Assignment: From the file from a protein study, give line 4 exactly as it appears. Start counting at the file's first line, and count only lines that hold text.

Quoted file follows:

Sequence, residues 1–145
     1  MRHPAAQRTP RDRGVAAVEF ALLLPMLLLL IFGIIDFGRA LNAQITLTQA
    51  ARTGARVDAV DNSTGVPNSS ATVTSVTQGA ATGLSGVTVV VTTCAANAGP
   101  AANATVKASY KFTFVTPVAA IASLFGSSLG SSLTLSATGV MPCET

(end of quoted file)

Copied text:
   101  AANATVKASY KFTFVTPVAA IASLFGSSLG SSLTLSATGV MPCET